The 2.1-D Sketch
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CitationNitzberg, Mark, and David Bryant Mumford. 1990. The 2.1-D sketch. In Proceedings of the Third International Conference on Computer Vision: December 4 - 7, 1990, Osaka, Japan, ed. IEEE Computer Society, 138-144. Los Alamitos, CA: IEEE Computer Society Press.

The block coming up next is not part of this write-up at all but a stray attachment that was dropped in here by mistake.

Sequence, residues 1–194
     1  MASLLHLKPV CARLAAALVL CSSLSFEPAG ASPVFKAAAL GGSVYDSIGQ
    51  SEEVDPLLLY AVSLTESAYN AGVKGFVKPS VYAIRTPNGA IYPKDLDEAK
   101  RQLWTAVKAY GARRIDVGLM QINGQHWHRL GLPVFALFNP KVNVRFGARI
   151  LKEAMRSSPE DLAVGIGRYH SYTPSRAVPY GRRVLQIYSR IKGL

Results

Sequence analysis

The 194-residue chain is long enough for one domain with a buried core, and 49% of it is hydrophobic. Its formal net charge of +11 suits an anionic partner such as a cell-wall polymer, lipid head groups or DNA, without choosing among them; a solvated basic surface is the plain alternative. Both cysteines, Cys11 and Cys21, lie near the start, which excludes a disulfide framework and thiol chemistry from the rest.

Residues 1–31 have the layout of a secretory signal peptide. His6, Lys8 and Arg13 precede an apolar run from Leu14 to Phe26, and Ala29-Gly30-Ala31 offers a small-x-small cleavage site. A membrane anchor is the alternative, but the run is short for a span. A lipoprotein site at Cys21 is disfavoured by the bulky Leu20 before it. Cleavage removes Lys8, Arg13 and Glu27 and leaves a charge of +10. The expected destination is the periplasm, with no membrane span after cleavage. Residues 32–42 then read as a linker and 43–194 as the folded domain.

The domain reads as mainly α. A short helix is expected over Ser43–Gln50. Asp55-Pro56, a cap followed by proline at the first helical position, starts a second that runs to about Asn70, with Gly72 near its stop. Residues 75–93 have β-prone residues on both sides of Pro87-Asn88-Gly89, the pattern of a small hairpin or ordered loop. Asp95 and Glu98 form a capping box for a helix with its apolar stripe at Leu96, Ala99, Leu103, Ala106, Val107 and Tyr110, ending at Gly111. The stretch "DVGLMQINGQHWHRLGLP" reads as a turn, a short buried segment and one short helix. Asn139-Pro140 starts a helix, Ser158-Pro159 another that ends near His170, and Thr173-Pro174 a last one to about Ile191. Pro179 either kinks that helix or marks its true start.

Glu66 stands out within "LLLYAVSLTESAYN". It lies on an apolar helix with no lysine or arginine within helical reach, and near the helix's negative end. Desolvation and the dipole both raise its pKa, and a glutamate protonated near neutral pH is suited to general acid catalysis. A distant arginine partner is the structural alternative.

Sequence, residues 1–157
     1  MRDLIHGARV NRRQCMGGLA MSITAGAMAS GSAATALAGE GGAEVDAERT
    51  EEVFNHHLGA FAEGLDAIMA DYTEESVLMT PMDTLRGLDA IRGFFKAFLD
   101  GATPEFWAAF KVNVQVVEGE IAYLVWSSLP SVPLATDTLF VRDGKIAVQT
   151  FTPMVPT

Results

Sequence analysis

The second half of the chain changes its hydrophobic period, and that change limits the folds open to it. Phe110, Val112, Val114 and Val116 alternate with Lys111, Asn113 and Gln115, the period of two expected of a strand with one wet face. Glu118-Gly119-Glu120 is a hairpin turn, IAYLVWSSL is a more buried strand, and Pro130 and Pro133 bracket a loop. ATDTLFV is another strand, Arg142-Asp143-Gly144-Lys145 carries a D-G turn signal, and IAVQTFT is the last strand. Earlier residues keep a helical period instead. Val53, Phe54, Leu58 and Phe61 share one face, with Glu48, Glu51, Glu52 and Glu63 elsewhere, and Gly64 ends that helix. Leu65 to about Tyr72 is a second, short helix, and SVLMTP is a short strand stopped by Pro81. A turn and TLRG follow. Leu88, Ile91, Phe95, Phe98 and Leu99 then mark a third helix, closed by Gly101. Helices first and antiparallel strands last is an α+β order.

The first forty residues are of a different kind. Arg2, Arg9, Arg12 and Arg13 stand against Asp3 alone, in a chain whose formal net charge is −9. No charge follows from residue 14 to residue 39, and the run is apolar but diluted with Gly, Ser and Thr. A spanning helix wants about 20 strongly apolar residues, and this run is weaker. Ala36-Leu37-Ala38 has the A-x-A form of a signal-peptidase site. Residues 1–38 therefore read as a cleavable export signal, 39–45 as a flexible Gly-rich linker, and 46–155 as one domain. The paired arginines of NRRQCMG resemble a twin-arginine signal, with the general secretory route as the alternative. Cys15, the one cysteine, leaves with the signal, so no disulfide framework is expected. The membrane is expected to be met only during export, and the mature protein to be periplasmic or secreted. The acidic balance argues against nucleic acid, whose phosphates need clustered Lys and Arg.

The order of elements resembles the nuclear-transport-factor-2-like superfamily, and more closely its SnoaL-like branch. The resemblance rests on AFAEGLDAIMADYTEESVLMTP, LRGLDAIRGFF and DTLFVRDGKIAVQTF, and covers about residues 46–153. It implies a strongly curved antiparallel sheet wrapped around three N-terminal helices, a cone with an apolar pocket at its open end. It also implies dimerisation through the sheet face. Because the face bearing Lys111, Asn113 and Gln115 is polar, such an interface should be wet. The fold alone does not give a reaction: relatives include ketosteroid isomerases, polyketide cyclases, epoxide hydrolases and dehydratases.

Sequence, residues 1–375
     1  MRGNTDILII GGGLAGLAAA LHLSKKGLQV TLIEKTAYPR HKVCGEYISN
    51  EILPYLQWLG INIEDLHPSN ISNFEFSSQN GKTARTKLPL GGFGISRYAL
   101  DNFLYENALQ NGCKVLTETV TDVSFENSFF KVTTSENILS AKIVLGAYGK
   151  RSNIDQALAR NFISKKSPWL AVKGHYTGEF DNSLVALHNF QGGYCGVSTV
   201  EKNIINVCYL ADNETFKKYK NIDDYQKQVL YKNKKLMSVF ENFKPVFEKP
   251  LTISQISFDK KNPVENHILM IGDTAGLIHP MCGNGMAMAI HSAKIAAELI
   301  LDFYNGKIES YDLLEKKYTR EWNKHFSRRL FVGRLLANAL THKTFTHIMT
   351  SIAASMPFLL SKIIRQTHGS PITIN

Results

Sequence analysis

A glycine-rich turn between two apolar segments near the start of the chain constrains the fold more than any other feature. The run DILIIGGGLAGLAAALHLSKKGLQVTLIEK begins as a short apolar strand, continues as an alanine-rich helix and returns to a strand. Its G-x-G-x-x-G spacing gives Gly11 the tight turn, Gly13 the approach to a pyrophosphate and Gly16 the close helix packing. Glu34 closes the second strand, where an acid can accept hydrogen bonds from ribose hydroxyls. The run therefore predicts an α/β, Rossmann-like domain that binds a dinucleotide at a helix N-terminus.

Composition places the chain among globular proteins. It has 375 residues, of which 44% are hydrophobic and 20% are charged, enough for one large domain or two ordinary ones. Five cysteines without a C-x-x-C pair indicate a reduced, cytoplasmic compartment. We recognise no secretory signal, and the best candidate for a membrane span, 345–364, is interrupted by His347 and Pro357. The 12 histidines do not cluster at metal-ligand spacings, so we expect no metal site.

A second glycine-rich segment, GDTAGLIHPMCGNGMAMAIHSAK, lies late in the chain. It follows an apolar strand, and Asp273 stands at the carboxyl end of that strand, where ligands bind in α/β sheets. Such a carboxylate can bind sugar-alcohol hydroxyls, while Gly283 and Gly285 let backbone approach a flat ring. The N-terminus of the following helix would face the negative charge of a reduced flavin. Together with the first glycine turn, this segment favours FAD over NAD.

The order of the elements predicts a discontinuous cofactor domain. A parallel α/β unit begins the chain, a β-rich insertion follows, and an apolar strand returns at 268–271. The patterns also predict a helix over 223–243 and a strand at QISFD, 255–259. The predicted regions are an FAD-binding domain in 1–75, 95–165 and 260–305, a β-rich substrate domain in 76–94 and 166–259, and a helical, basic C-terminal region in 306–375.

AbstractA model is described for image segmentation that tries to capture the low-level depth reconstruction exhibited in early human vision, giving an important role to edge terminations. The problem is to find a decomposition of the domain D of an image that has a minimum of disrupted edges-junctions of edges, crack tips, corners, and cusps-by creating suitable continuations for the disrupted edges behind occluding regions. The result is a decomposition of D into overlapping regions R1∪. . .∪Rn ordered by occlusion, which is called the 2.1-D sketch. Expressed as a minimization problem, the model gives rise to a family of optimal contours, called nonlinear splines, that minimize length and the square of curvature. These are essential in the construction of the 2.1-D sketch of an image, as the continuations of disrupted edges. An algorithm is described that constructs the 2.1-D sketch of an image, and gives results for several example images. The algorithm yields the same interpretations of optical illusions as the human visual system
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